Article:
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South Africa’s The Times speaks with Fatima Hassam, who is fighting for inheritance rights for multiple wives.
The U.S.’s Condoleezza Rice initiates the “One Woman Initiative,” which is a fund that aims to empower Muslim women around the world through funding education and business developments.
The Independent’s Deborah Orr talks about life for women in Kabul, Afghanistan.
None of the 27 women who ran in the Kuwaiti parliamentary elections were voted in.
Ziya Meral for the Turkish Daily News observes how men call the shots when it comes to women’s clothing in both Iran and Turkey.
H&M plans to open a women-only departments store in Saudi Arabia, which aims to bring more Saudi women into the workforce (and, uh, make a lot of money).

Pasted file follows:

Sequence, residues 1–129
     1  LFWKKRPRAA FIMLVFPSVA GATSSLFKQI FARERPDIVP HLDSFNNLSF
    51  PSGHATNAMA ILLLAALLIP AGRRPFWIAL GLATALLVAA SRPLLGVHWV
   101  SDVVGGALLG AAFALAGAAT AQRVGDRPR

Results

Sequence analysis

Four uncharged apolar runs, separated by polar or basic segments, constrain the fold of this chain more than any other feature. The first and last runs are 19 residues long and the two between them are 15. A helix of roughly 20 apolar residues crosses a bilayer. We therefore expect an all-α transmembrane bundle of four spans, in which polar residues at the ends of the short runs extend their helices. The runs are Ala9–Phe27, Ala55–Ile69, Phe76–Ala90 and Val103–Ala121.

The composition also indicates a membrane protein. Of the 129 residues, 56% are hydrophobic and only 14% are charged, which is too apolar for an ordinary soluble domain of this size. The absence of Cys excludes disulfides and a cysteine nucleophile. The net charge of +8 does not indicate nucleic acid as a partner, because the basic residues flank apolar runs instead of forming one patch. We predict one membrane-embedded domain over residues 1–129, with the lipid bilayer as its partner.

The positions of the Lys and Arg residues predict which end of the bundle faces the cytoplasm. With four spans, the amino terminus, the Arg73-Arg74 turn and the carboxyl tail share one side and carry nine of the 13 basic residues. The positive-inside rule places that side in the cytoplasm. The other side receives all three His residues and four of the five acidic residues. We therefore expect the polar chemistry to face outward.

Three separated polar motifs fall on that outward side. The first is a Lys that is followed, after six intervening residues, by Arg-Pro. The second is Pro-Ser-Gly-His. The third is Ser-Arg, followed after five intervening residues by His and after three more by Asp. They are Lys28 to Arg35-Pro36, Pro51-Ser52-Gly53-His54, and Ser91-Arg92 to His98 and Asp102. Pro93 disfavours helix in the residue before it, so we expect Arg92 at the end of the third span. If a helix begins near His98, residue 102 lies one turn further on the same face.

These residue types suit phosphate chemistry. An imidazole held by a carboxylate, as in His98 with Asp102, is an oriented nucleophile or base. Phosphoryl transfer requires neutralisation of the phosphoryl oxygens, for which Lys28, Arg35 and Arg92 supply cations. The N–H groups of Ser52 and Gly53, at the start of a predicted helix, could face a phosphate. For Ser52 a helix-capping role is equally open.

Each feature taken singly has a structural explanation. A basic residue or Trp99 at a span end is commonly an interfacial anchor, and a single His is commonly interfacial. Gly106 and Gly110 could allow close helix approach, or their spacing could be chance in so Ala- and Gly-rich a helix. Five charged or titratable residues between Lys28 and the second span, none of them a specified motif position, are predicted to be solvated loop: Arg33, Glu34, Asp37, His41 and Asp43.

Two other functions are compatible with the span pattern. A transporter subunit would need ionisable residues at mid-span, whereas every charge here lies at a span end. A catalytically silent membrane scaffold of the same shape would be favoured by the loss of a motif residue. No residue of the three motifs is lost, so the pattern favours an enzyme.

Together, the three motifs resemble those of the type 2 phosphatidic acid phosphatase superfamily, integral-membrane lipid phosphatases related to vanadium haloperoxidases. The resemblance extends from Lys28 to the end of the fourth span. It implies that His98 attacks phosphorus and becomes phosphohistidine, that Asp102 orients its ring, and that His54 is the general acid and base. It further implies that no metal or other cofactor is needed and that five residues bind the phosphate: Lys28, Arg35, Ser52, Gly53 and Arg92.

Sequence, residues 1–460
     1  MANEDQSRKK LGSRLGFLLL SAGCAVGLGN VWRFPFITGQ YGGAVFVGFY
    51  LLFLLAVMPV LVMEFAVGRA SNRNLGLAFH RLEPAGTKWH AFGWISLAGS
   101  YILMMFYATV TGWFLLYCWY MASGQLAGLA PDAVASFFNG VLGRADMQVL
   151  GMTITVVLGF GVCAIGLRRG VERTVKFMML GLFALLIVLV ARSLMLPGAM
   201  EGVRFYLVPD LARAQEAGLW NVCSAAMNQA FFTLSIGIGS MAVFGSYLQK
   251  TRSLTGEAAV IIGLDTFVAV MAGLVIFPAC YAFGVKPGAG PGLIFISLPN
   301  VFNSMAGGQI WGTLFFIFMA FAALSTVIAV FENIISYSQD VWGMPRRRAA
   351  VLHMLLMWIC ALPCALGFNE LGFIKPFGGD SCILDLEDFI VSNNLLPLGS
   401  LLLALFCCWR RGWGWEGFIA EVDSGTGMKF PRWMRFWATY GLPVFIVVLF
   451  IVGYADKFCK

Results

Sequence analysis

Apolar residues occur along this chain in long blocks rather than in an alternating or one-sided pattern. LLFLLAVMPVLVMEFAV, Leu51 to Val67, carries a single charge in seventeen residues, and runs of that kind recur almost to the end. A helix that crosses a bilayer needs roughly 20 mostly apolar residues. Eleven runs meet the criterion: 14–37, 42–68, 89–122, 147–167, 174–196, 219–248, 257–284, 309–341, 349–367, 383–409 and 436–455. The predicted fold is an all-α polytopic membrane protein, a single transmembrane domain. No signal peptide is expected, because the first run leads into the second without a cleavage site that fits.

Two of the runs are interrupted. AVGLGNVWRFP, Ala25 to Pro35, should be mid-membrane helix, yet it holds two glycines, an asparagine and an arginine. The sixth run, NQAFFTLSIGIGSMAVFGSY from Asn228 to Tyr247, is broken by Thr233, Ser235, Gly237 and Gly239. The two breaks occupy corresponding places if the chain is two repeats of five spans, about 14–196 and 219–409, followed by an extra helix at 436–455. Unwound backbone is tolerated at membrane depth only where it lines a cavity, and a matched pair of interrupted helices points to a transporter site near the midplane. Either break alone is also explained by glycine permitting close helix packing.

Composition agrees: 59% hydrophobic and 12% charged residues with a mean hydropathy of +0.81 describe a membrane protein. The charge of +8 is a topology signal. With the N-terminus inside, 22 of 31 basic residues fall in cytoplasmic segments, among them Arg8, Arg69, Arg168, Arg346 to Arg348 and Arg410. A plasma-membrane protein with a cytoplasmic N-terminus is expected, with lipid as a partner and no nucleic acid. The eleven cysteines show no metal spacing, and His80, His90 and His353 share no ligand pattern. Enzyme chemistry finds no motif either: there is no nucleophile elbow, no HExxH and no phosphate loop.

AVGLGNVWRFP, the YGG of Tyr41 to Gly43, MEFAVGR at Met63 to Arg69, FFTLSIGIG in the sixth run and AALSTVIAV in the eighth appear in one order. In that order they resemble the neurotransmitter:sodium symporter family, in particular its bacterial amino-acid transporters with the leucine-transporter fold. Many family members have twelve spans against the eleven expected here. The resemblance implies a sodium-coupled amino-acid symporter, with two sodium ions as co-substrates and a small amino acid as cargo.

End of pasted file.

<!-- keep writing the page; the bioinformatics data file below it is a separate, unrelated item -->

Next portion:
The UN Population Fund says that Yemen needs thousands more midwives in order for Yemeni women to attain universal access to skilled care at birth.
Al Arabiya focuses on Afghan women who turn to prostitution to feed themselves.
A maid whose sponsors abused her and amputated her fingers and toes receives paltry compensation in court. May Allah grant her justice.
The family of a rape survivor will not take her back due to social stigma surrounding rape. May Allah protect her.
Ireland’s school districts examine the inclusion of a headscarf in school dress code.
A local Saudi Arabian NGO announces a new program to aid women in finding employment, which a special emphasis on divorcees and widows.
The Columbia Spectator profiles graduate Khadijah Abdul-Nabi.
AKI uses a Saudi-style niqab to illustrate a story about Amnesty International urging Iran to overturn convictions of women’s rights activists. Idiots!
Saudi mothers push to get more parents to read to their children.
Arab News’ Abeer Mishkas tells Saudi women that they can learn from Kuwaiti elections.
The BBC examines the proposed ban on judges wearing religious symbols (including headscarves) in Denmark.